fructose_diabetes

Fructose and Diabetes Risk

Over the past several decades efforts have been made to try to convince us that, as it pertains to sugar, fructose is our best choice. One of the reasons often cited for this messaging was the misguided notion that somehow choosing fructose would help reduce risk for diabetes because “fructose doesn’t elevate insulin.” More on that idea later, so for now let’s focus on the relationship between fructose consumption and risk for type 2 diabetes. Continue reading

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Fructose, a “Safer Sugar”?

Lately, in an apparent attempt to push back from the negativity surrounding high fructose corn syrup, there seems to be an increase in the number of articles published touting the advantages of fructose as a “safer sugar.” The main point that is so often emphasized is that unlike glucose, fructose does not seem to increase insulin. Increasing insulin, which is how our bodies cope with increased glucose levels, may, when it’s constantly challenged, lead to a state in which we tend to lose our sensitivity to insulin. This means that with time, on a diet that constantly raises our glucose levels, insulin becomes less effective. Losing insulin sensitivity or becoming “insulin resistant” is not only associated with elevated blood sugar and subsequent diabetes, but also a fairly extensive list of chronic degenerative conditions that we want to do our best to avoid like coronary artery disease and Alzheimer’s. Continue reading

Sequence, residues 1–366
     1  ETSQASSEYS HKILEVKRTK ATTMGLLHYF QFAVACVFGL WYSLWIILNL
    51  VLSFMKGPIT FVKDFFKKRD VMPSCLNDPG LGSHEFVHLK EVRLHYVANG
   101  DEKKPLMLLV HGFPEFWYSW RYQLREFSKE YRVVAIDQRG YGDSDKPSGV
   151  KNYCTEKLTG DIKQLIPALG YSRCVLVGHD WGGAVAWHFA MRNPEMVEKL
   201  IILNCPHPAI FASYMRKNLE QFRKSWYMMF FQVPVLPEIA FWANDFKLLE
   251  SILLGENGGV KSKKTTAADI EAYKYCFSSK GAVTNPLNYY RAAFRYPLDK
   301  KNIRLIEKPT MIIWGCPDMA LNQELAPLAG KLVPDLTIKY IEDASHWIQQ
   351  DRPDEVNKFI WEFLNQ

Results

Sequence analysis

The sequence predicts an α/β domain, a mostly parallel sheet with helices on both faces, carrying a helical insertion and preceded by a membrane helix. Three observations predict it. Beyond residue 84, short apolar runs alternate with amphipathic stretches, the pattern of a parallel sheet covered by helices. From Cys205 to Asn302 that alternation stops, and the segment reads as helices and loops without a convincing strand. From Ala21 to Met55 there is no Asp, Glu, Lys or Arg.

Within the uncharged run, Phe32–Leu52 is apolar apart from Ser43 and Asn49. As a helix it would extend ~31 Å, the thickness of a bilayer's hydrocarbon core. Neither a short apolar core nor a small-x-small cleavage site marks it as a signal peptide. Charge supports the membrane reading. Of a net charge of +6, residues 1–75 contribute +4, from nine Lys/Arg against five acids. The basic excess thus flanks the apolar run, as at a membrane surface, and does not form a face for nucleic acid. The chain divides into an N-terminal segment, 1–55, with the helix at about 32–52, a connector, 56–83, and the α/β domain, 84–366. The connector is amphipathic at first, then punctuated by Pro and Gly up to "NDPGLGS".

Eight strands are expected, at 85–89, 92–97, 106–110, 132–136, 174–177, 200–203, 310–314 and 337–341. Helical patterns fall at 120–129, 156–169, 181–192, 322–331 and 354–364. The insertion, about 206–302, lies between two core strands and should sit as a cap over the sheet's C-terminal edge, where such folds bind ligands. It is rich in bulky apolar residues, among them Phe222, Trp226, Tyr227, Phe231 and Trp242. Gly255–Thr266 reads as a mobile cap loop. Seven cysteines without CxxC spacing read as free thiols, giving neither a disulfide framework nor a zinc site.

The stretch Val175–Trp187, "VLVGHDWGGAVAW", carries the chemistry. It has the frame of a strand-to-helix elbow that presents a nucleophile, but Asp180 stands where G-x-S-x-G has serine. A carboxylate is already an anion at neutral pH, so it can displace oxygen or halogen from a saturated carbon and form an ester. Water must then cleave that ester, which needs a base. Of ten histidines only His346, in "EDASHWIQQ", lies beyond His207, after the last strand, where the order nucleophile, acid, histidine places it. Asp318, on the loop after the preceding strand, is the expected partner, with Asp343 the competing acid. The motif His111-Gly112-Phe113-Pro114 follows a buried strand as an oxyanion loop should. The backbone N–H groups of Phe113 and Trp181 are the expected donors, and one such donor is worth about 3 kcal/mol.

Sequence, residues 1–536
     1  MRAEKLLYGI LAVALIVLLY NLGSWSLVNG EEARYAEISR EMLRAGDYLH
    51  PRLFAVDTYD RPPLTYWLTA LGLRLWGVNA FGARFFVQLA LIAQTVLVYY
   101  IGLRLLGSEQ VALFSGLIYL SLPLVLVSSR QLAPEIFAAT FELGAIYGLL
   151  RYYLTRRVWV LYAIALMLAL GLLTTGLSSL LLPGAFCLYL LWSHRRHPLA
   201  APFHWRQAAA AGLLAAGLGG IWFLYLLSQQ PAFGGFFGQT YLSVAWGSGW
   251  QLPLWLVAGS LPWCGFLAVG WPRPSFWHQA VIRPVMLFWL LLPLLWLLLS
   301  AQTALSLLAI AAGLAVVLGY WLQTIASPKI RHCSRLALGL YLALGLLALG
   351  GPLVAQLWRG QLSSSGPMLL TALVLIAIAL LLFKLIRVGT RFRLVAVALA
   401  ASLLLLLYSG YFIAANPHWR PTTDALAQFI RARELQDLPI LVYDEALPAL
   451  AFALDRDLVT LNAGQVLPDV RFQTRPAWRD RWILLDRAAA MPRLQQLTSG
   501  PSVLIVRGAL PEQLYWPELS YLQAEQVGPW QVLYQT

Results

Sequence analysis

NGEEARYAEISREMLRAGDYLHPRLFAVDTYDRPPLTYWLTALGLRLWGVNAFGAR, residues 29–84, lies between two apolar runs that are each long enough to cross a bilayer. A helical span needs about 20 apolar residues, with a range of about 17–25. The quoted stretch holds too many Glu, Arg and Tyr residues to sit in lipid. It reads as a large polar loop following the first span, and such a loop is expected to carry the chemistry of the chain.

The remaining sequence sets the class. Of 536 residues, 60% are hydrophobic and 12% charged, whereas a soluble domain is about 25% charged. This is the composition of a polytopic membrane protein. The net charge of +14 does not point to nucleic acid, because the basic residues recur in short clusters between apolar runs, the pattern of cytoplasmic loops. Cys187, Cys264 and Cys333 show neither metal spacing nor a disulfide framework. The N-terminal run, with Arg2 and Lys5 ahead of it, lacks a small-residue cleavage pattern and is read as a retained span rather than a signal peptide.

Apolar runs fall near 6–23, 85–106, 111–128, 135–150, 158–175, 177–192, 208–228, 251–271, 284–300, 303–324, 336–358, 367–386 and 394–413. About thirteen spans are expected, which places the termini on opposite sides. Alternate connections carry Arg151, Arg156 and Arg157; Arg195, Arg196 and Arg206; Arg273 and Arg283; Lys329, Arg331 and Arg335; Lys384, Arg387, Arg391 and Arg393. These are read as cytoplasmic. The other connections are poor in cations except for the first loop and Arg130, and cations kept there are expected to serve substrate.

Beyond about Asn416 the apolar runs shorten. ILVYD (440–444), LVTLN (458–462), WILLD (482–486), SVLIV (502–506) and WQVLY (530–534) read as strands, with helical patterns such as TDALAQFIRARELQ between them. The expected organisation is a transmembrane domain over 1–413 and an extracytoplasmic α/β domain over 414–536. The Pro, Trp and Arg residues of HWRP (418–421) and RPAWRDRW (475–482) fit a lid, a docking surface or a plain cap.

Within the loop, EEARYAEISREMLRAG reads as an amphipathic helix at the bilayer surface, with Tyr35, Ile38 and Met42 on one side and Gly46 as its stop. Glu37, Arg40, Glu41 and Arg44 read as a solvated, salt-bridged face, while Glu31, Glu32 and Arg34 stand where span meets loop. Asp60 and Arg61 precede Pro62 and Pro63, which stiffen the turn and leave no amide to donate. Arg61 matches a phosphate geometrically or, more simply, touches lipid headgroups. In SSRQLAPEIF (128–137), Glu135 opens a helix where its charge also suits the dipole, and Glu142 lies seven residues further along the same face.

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High Fructose Corn Syrup and the Brain

Excessive alcohol use can cause fat accumulation in the liver. Ultimately, This accumulation of fat may lead to liver failure that may actually prove fatal.

But it turns out, that there is another form of fat accumulation in the liver that has nothing to do with consumption of alcohol, hence the name non-alcoholic liver disease (NAFDL). NAFDL is considered the most common liver disorder in developed countries, estimated to be present in an incredible 30% of American adults.

NAFDL is often not a benign condition. It is strongly related to insulin resistance and metabolic syndrome. That means that people who have NAFDL are far more likely to develop things like type II diabetes and ultimately may even develop cirrhosis of the liver.

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